Massive tungsten mine closer for Stanley

The village of Stanley, N.B., is one-step closer to getting a massive tungsten mine.

Project would create hundreds of jobs

Some Stanley residents worry about the environmental impact. (CBC)

The village of Stanley, N.B., is one step closer to getting a massive tungsten mine.

Vancouver-based Northcliff Resources submitted its environmental-impact assessment to the federal government. It wants to start an open-pit tungsten mine in Stanley. The mine could employ hundreds of residents.

Northcliff’s Greg Davidson said the company has done the ground work and the public has nothing to fear.

"I certainly identify the concerns we’ve heard over the past couple of years. We’ve implemented mitigation strategies to minimize any impacts," he said.

Northcliff expects to create 500 jobs during the construction phase — that's more than the population of Stanley.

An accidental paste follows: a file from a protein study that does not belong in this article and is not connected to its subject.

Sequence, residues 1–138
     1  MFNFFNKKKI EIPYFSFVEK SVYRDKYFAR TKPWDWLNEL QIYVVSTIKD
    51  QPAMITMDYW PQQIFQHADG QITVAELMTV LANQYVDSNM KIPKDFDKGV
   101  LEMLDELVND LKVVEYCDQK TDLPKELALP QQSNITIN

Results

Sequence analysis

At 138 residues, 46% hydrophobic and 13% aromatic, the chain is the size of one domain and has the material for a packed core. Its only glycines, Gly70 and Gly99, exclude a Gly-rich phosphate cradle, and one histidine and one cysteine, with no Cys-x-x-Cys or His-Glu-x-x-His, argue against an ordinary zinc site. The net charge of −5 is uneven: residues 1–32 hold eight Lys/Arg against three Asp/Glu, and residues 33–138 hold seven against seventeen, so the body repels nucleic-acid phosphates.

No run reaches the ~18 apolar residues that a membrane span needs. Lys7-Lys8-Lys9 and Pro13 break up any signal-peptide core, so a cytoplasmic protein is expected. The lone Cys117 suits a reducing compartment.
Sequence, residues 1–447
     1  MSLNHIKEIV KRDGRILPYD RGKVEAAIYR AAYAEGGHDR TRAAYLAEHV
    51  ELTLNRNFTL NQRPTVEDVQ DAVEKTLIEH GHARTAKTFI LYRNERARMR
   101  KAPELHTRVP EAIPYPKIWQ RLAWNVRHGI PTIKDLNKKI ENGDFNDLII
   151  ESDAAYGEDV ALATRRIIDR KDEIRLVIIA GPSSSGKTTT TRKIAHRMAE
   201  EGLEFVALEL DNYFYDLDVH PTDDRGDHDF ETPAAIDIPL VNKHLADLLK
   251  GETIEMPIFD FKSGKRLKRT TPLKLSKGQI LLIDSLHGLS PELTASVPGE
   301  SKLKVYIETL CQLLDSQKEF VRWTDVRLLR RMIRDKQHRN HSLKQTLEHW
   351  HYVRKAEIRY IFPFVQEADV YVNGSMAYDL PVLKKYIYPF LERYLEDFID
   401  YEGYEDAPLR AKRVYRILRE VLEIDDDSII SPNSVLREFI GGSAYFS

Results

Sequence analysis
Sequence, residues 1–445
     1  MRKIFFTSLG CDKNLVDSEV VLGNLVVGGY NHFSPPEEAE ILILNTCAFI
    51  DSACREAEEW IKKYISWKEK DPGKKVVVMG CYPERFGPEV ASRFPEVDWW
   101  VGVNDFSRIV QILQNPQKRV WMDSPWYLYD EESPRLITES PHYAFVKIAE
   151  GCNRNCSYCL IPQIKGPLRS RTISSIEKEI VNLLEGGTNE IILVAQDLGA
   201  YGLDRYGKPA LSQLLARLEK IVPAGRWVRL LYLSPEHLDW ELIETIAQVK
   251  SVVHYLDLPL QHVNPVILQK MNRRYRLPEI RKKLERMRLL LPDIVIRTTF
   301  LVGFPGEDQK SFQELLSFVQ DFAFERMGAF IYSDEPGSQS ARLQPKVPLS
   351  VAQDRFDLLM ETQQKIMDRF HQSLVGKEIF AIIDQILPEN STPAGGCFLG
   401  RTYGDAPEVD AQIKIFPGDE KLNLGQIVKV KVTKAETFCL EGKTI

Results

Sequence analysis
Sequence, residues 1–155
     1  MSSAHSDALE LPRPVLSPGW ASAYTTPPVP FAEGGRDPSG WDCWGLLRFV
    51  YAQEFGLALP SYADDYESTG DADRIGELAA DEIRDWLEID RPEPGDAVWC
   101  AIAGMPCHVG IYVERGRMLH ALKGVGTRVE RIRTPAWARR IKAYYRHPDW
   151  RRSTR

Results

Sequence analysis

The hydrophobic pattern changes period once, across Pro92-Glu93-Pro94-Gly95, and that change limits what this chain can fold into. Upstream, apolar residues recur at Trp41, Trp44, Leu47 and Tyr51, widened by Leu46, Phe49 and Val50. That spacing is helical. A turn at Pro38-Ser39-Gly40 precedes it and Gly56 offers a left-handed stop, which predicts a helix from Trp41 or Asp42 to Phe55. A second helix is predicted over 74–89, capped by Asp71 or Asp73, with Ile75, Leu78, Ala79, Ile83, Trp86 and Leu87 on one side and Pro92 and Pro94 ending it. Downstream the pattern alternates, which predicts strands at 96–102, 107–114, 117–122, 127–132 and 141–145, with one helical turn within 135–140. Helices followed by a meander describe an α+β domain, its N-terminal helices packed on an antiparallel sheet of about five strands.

It anticipates 300 jobs during the 27-year operation.

Environmental concerns

Some residents worry about potential negative environmental impacts.

Lawrence Wuest said it will be bad for the area, located 30 kilometres north of Fredericton.

"The mine will contaminate the Nashwaak watershed, which is a very high quality watershed and deserves protection. The citizens of the Nashwaak Valley deserve a say in whether this mine will go ahead or not," he said.

Wuest questioned what would happen if the mine closed before it had the money to clean everything up.

"I think we've done enough work to show that the government better pay attention to this aspect of the cleanup, or they're going to leave themselves liable for a huge bill in the future," he said.

Good jobs

Others saw value in the jobs.

"I think the environment is extremely important and the studies need to be done, but we also need to have jobs for the young people in this community so they don't all have to go out west to find work," said resident Nancy Everett.

Northcliff Resources said it has done extensive research and that the public will get full disclosure as the mine proceeds.

The federal government must first rule on the environmental assessment. It will then go to New Brunswick’s technical review committee, after which it will become public.